4 Best Exercises For Running Back Training
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4 Best Exercises For Running Back Training
Talking about strength training for running backs we need to think of all the various problems running backs may have to execute on the field. Running backs need to be able to hit a hole very quickly. They also need to have the strength to take on an opponent, like a powerhouse linebacker, monster defensive tackle, or a defensive back coming off the edge.
Running backs have a lot of different issues that come into play. They need to be agile; they also have the capability to accelerate rapidly. On top of that, running backs need good grip strength and upper body strength to prevent fumbles from occurring.
There are a lot of different problems running backs have. Thinking about this as a strength coach, football coach, or athlete, we need to think about how all these different factors mesh together to work synergistically.
The first two exercise we need to mold together ...
1. Unilateral Upper-Body Strength
To create an elite running back, we need to understand how unilateral upper-body strength and dynamic trunk control play off of each other.
Think about a running back hitting a huge stiff arm. The athlete having the ball in one hand and has an opponent coming into them, hitting the stiff arm is a unilateral position. It is one arm throwing a blow. At the same time, the other arm in elbow flexion is controlling the football with a solid grip. There is sort of a push and a pull transpiring. It can also be thought about when a running back chips a defensive end before heading out into the flat for a pass reception. This means that on-the-field running backs will use aspects of unilateral upper-body strength while running the ball and blocking.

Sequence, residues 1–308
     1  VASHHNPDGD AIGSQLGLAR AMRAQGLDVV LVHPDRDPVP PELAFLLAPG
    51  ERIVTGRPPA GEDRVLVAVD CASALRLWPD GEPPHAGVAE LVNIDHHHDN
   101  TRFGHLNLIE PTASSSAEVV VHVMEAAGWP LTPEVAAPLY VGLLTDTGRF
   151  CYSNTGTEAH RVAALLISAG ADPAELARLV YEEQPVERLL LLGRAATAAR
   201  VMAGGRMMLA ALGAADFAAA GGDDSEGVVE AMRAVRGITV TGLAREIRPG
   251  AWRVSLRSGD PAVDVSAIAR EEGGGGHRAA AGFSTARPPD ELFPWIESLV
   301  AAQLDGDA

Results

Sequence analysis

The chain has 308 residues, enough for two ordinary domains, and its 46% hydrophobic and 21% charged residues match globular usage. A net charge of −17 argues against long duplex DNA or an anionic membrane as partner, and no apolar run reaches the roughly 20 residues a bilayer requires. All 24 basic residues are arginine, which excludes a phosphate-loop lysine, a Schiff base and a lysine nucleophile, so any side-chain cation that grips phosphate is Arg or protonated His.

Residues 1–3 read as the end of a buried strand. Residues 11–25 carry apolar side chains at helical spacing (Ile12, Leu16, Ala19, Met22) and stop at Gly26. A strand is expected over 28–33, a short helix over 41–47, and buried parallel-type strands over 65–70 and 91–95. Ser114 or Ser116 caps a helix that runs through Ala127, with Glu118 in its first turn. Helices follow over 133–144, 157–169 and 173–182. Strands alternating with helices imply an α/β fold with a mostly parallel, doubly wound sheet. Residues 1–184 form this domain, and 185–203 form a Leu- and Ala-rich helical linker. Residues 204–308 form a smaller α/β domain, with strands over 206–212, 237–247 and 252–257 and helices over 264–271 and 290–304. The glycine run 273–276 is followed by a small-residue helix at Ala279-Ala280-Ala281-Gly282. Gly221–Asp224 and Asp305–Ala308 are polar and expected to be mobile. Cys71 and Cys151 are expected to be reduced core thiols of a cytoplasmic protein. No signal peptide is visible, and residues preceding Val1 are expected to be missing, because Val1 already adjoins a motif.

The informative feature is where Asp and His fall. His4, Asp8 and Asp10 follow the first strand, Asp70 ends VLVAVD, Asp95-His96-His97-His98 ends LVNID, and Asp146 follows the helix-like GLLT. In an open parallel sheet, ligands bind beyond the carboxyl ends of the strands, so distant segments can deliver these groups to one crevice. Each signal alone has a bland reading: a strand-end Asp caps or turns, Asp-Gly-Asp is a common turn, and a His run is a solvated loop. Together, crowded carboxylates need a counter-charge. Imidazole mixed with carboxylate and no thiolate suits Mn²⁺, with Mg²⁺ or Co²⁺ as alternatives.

2. Dynamic Trunk Control
There are a few key factors to dynamic trunk control. Athletes need really good strength in their core, their trunk, and all throughout the back. Their erectors are strong, the gut is strong, and the athlete knows how to absorb force from real heavy cleans, controlling loads from a back squat perspective, front squat perspective, and single-leg squat perspective. The athlete can take their dynamic trunk control, being more rigid in the gut and back, throwing that nasty stiff-arm now has a more solid foundation to punish the tackler and make their job difficult.
Creating tremendous tension through the core, through the abs, through the back, leads to force production for unilateral upper-body strength. Athletes in the weight room can perform stiff-arm lock-out dumbbell benches, alternating dumbbell benches, or push-ups to an explosive hold on one arm. Getting into dynamic trunk control, athletes can perform snatches, cleans, front squats, single-leg squats, and any and all various movements that lead to improved dynamic trunk control.
One key factor with DTC is thinking about super-shifty running backs. Think of an athlete like Barry Sanders. Dynamic trunk control is the idea of running full speed, throwing on the breaks, plant on the right leg, and cut to the left, and instead of the upper body continuing forward, the DTC optimized from the strength training helps the body to change directions and cut more rapidly. DTC plays into how well the running-back cuts and accelerates out of the cut, helping with shiftiness.